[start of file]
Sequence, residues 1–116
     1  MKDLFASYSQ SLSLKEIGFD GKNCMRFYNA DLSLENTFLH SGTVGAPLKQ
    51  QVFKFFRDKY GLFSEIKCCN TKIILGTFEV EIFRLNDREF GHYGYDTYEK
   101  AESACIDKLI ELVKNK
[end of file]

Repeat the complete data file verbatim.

Sequence, residues 1–116
     1  MKDLFASYSQ SLSLKEIGFD GKNCMRFYNA DLSLENTFLH SGTVGAPLKQ
    51  QVFKFFRDKY GLFSEIKCCN TKIILGTFEV EIFRLNDREF GHYGYDTYEK
   101  AESACIDKLI ELVKNK